The Story of Grenfell of the Labrador eBook

This eBook from the Gutenberg Project consists of approximately 194 pages of information about The Story of Grenfell of the Labrador.

Grenfell and his brother, with one of their friends, spent the long holidays when college was closed cruising along the coast in an old fishing smack which they rented.  In the course of his cruising, the thought came to him that it was hardly fair to the boys in the slums to run away from them and enjoy himself in the open while they sweltered in the streets, and he began at once to plan a camp for the boys.

This was long before the days of Boy Scouts and their camps.  It was before the days of any boys’ camps in England.  It was an original idea with him that a summer camp would be a fine experience for his boys.  At his own expense he established such a camp on the Welsh coast, and during every summer until he finished his studies in the University he took his boys out of the city and gave them a fine outing during a part of the summer holiday period.  It was just at this time that the first boys’ camp in America was founded by Chief Dudley as an experiment, now the famous Camp Dudley on Lake Champlain.  We may therefore consider Grenfell as one of the pioneers in making popular the boys’ camp idea, and every boy that has a good time in a summer camp should thank him.

But a time comes when all things must end, good as well as bad, and the time came when Grenfell received his degree and graduated a full-fledged doctor, and a good one, too, we may be sure.  Now he was to face the world, and earn his own bread and butter.  Pleasant holidays, and boys’ camps were behind him.  The big work of life, which every boy loves to tackle, was before him.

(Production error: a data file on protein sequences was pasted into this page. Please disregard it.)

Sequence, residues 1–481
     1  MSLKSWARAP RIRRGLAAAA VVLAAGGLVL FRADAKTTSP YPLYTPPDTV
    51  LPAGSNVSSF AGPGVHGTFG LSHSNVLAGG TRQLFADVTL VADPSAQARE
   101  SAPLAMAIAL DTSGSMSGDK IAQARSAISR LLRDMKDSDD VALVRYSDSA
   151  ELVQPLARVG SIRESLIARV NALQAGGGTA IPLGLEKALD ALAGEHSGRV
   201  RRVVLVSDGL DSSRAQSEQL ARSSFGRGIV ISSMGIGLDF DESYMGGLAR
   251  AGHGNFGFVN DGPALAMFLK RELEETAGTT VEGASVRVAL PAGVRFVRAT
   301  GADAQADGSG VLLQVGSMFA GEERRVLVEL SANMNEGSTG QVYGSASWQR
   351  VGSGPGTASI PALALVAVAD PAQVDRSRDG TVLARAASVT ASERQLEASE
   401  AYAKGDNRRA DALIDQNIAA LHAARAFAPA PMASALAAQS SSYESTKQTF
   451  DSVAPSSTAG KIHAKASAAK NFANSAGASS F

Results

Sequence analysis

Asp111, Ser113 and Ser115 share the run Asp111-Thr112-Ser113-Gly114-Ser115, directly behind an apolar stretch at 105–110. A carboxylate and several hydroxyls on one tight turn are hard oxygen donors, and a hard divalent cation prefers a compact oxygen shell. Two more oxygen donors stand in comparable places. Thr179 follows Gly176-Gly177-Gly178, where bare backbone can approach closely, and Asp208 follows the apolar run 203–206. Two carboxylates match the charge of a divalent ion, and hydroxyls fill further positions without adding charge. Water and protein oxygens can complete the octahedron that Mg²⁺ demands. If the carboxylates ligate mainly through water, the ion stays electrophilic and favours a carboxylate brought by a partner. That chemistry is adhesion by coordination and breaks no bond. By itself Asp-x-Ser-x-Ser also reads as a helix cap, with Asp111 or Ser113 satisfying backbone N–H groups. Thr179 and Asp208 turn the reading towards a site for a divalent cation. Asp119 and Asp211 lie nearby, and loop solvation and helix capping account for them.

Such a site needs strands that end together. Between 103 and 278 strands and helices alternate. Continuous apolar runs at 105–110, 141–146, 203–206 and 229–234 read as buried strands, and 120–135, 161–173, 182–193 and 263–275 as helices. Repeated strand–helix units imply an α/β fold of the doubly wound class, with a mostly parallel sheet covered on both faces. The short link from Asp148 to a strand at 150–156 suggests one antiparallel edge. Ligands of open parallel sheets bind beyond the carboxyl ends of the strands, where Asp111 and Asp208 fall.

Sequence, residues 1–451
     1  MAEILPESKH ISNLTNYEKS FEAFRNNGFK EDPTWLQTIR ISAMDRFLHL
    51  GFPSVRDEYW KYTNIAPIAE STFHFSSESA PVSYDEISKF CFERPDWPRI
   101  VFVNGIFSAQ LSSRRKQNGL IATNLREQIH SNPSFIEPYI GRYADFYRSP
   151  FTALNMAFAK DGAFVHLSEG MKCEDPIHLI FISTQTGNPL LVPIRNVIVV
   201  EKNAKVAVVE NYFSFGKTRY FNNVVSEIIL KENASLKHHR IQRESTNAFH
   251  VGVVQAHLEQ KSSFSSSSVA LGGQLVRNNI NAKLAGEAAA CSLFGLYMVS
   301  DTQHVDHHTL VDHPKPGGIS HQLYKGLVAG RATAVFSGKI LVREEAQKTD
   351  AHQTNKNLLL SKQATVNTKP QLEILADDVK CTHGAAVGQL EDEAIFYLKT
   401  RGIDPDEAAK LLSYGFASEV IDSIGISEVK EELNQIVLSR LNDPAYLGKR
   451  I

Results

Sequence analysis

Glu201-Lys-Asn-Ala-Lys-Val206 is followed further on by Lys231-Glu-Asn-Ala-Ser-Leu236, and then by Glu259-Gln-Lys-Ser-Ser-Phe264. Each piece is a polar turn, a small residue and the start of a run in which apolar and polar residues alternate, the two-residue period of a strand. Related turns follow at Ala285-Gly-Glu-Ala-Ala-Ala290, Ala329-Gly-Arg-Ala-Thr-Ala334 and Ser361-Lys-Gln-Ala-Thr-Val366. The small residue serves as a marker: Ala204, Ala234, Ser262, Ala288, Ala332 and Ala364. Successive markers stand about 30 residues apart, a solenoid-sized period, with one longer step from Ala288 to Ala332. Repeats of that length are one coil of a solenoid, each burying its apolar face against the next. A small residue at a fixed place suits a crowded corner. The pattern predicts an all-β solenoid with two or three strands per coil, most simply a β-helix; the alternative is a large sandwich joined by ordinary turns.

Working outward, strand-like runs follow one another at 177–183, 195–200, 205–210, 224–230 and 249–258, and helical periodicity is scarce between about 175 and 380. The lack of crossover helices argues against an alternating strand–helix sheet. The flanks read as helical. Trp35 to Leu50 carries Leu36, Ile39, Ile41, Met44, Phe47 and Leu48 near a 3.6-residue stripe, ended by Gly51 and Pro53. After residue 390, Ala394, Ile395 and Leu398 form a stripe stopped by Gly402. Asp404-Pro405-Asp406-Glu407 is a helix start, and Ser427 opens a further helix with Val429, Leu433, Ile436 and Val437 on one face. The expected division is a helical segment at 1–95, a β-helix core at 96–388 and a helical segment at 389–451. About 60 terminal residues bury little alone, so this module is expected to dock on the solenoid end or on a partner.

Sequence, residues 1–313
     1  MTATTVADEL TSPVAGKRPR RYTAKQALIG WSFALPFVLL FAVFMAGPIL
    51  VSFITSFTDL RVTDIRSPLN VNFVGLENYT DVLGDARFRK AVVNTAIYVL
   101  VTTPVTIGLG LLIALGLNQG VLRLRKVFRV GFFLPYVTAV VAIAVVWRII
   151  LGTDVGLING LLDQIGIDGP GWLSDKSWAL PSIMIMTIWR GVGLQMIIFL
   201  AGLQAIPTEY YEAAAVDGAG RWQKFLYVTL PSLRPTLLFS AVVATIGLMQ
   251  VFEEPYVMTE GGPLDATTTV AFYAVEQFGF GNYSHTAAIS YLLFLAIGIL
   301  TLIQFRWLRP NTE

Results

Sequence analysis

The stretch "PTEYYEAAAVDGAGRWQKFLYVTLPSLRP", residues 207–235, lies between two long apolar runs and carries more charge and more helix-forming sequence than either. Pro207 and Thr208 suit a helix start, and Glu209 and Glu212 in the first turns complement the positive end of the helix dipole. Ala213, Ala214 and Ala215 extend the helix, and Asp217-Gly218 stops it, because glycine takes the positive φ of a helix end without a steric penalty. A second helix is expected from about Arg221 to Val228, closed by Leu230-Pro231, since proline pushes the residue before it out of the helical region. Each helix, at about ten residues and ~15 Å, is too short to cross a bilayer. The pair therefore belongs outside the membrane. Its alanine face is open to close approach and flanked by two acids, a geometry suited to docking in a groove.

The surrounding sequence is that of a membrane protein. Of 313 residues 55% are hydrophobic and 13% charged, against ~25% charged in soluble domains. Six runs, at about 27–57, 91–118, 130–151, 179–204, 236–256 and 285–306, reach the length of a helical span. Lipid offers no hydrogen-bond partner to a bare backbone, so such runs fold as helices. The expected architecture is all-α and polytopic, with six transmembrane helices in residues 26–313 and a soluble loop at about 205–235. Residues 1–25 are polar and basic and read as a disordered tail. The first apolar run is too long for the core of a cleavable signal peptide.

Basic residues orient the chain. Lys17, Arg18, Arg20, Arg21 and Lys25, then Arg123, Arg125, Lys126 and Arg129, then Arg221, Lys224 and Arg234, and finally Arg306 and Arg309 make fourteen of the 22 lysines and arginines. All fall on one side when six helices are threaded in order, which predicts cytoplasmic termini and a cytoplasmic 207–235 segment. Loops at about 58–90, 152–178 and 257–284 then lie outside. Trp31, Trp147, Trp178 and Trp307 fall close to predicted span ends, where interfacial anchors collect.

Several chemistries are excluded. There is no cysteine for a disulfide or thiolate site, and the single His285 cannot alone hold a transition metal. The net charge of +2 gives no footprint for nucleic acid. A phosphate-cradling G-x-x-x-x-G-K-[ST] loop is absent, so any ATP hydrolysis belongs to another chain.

Then it was that Dr. Frederick Treves, later Sir Frederick, a famous surgeon under whom he had studied, made a suggestion that was to shape young Dr. Grenfell’s destiny and make his name known wherever the English tongue is spoken.



The North Sea, big as it is, has no great depth.  Geologists say that not long ago, as geologists calculate time, its bottom was dry land and connected the British Isles with the continent of Europe.  Then it began to sink until the water swept in and covered it, and it is still sinking.  The deepest point in the North Sea is not more than thirty fathoms, or one hundred eighty feet.  There are areas where it is not over five fathoms deep, and the larger part of it is less than twenty fathoms.

Fish are attracted to the North Sea because it is shallow.  Its bottom forms an extensive fishing “bank,” we might say, though it is not, properly speaking, a bank at all, and here is found some of the finest fishing in the world.

From time immemorial fishing fleets have gone to the North Sea, and the North Sea fisheries is one of the important industries of Great Britain.  Men are born to it and live their lives on the small fishing craft, and their sons follow them for generation after generation.  It is a hazardous calling, and the men of the fleets are brave and hardy fellows.

Project Gutenberg
The Story of Grenfell of the Labrador from Project Gutenberg. Public domain.
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